How my two besties and I make long-distance friendship work

I met Sarah the first day of my job at a company in Chicago, when I was assigned to be her desk mate. She didn’t really want to share a desk with anyone, but I managed to win her over. We bonded over discussions of what books we were reading on the train each week, and she invited me to join her book club, a group of smart and funny women. One of those women was Sarah’s good friend Stefanie, and we hit it off right away. From that day on, the three of us ran around Chicago together. We were queens of throwing the perfect theme party, which we did to celebrate birthdays, new jobs, or the fact that Gilmore Girls was available to stream on Netflix. We got each other through bad boyfriends and breakups, and helped each other move over the years.

Now, five years later, none of us live in the Central timezone. There are more than 3,000 miles between me in Portland and Stefanie in Boston, with Sarah between us in Salt Lake City. Luckily, the three of us are all still just as close as we were when we once lived in the same city.

I’m not interested in a long-distance relationship with a dude, but I am 100% a believer in long-distance best-friendship. We each have our own lives going on in our current cities, but we still want to be involved with each other’s. It’s totally doable — just need to be thoughtful, persistent, and a little bit creative. Here’s how we keep tabs on each other despite the miles in between:

Group texting

The group text is the cornerstone of our joint long-distance best friendship. Whether it’s Sarah letting us know we need to be watching iZombie or Stefanie sending photos of the Boston Marathon happening outside her window, the group text is key. It’s a small way of keeping in touch that takes little time but has a big payoff. Sometimes, out of nowhere, I’ll just text them a reminder of something that made us laugh one time, or send them a screenshot of something I know they’ll love.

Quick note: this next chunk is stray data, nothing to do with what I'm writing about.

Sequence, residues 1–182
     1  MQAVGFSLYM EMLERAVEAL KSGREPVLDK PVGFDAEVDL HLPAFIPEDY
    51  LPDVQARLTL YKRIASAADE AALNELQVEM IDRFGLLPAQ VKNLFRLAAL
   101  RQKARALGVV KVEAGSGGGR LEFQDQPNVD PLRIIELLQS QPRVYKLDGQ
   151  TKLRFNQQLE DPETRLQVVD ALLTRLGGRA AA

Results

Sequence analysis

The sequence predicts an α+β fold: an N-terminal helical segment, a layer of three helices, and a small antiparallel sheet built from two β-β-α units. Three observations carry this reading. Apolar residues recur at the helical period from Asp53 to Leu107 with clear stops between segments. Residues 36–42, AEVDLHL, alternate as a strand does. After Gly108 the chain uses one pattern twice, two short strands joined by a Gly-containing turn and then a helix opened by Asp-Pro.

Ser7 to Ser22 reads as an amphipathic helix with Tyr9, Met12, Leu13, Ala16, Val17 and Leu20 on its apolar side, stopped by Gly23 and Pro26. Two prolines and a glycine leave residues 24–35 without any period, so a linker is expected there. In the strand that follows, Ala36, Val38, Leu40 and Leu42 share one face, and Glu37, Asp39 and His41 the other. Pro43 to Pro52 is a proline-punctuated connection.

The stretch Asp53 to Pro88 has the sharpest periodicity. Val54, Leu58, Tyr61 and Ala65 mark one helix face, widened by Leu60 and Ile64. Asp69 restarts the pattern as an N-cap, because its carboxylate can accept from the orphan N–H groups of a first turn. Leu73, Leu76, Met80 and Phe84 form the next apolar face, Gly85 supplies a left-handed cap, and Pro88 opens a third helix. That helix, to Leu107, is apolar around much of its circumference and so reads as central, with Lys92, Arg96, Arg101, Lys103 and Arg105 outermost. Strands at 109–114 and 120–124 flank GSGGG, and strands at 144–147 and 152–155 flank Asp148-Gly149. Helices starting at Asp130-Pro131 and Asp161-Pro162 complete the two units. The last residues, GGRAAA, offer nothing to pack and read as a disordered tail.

Seeking shopping advice

Sometimes when I’m out trying on new clothes or shoes, I’ll text Sarah and Stefanie a fitting room picture to help me decide. They both have known me long enough to know my style really well, as well as what does and doesn’t always work on me. Plus, they have seen my wardrobe and can gently remind me that maybe I don’t need yet another dress in that particular shade of blue. Texting selfies also helps when it comes to getting ready to go out or planning a first date outfit.

Video chatting

Sometimes a text just doesn’t cut it — it’s hard to relay the play-by-play of a high-drama meltdown or a terrible date, so we like to check in over Google Hangouts now and then. Thanks to video-led tours, we are very familiar with the layouts of each other’s very cute apartments and homes. Plus, it means we get to see Sarah’s adorable baby. I recommend a good test session to troubleshoot technical difficulties — sometimes we use Skype as a backup plan.

Sharing viewing experiences